The Dark Side of the Miracle Drug Tirzepatide


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Based on the successful completion of several clinical trials with weight loss drugs, including the new class of GLP-1 agonists, current treatment guidelines for obesity recommend anti-obesity medications in addition to diet and lifestyle modifications to promote weight reduction, facilitate weight maintenance, and improve health outcomes in people with obesity.

“In other words, these treatments deal solely with the symptoms, not the causes of obesity.”

Randomized withdrawal studies of anti-obesity medications and weight loss surgeries to date, have consistently demonstrated clinically significant body weight regain with cessation of therapy. In other words, these treatments deal solely with the symptoms, not the causes of obesity. To determine the need for continued treatment with tirzepatide, following successful weight loss to maintain the achieved weight loss, investigators of the SURMOUNT-4 study investigated the effect of continued treatment with the maximum tolerated dose (i.e., 10 or 15 mg) of once-weekly tirzepatide, combined with diet and physical activity, and compared the results with placebo, in participants with obesity or in the overweight category.

In a randomized withdrawal study, all participants are taking the active drug and after significant weight loss are then randomly assigned to either continue taking the active drug or to getting a placebo. Such a design is used by investigators to demonstrate the need for continued drug use to prevent new weight gain. The main results of the large randomized controlled trial to achieve weight loss were published in 2022 in the New England Journal of Medicine, and have resulted in the recent FDA approval of Zepbound for the treatment of obesity. I wrote about this in a previous post.

“…participants …who completed the 36-week period experienced a remarkable mean weight reduction of 20.9%.”

The results of the randomized withdrawal of Tirzepatide of this phase 3 clinical trial were recently published by J. Aronne and coauthors in the Journal of the American Medical Association. Study participants were obese adults with a BMI greater than or equal to 30, or greater than or equal to 27 and a weight-related complication, excluding diabetes. The trial was conducted at 70 sites in 4 countries with a 36-week, open-label tirzepatide lead-in period (where participants knew they were on the medication) followed by a double-blind, placebo-controlled period which included 335 participants that received the drug and 335 that received a placebo. During the open label lead in period, participants (n = 670; mean age, 48 years; 71% women; mean weight, 107.3 kg who completed the 36-week period experienced a remarkable mean weight reduction of 20.9%.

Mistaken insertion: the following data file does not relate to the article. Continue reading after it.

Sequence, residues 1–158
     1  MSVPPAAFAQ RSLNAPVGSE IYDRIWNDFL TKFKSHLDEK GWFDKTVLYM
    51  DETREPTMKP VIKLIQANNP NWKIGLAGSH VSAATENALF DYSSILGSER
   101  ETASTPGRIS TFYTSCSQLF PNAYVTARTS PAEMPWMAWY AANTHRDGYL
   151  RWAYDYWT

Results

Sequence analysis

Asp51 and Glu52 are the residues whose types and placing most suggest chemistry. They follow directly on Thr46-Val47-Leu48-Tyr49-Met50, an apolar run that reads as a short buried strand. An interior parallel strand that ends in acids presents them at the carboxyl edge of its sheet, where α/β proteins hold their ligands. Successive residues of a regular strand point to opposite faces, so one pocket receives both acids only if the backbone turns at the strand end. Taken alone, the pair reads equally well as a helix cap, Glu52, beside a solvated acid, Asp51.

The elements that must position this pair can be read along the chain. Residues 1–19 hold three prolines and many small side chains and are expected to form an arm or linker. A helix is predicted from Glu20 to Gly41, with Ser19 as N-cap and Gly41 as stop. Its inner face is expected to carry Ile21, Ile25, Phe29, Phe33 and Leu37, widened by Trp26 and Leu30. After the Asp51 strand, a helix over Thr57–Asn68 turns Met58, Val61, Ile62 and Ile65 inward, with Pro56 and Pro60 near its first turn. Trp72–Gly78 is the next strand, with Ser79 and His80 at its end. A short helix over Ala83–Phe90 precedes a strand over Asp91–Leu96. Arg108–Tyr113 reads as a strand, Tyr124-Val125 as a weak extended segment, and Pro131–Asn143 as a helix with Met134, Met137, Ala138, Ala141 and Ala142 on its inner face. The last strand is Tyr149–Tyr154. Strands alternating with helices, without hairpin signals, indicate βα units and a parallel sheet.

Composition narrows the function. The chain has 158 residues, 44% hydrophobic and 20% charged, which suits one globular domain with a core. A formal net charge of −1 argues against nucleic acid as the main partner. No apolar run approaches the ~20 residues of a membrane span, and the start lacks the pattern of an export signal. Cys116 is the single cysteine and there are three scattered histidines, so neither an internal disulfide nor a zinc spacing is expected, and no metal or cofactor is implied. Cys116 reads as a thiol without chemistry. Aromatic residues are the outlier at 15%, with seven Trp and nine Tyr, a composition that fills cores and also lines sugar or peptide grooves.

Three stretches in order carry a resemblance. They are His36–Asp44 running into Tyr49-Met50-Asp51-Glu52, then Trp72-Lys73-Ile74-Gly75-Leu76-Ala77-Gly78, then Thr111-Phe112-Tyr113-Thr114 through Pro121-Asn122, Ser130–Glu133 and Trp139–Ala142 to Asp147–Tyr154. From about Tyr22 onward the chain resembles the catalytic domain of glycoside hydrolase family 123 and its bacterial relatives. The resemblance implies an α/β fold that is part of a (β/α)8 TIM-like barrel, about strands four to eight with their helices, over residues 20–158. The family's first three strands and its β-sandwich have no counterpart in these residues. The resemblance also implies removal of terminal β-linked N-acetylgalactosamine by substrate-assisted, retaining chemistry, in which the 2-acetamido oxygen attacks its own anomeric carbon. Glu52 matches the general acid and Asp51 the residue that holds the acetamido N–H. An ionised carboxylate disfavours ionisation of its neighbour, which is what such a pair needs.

The study then aimed to see what happened with the achieved weight loss when participants stopped taking the medication (placebo group), or when they continued taking the drug at a maximal tolerated dose of 15 or 20 mg/week.

“…withdrawing tirzepatide after successful weight loss led to substantial regain of most of the lost weight…”

Overall, 300 participants (89.5%) receiving tirzepatide at 88 weeks maintained at least 80% of the weight loss achieved during the lead-in period compared with 16.6% receiving placebo (P < .001). The overall mean weight reduction from week 0 to 88 was 25.3%for tirzepatide and 9.9% for placebo, clearly demonstrating the need for continued treatment. The most common adverse events were mostly mild to moderate gastrointestinal events, which occurred more commonly with tirzepatide than with placebo. The authors concluded from their findings that in participants with obesity or overweight, withdrawing tirzepatide after successful weight loss led to substantial regain of most of the lost weight, whereas continued treatment maintained and augmented initial weight reduction.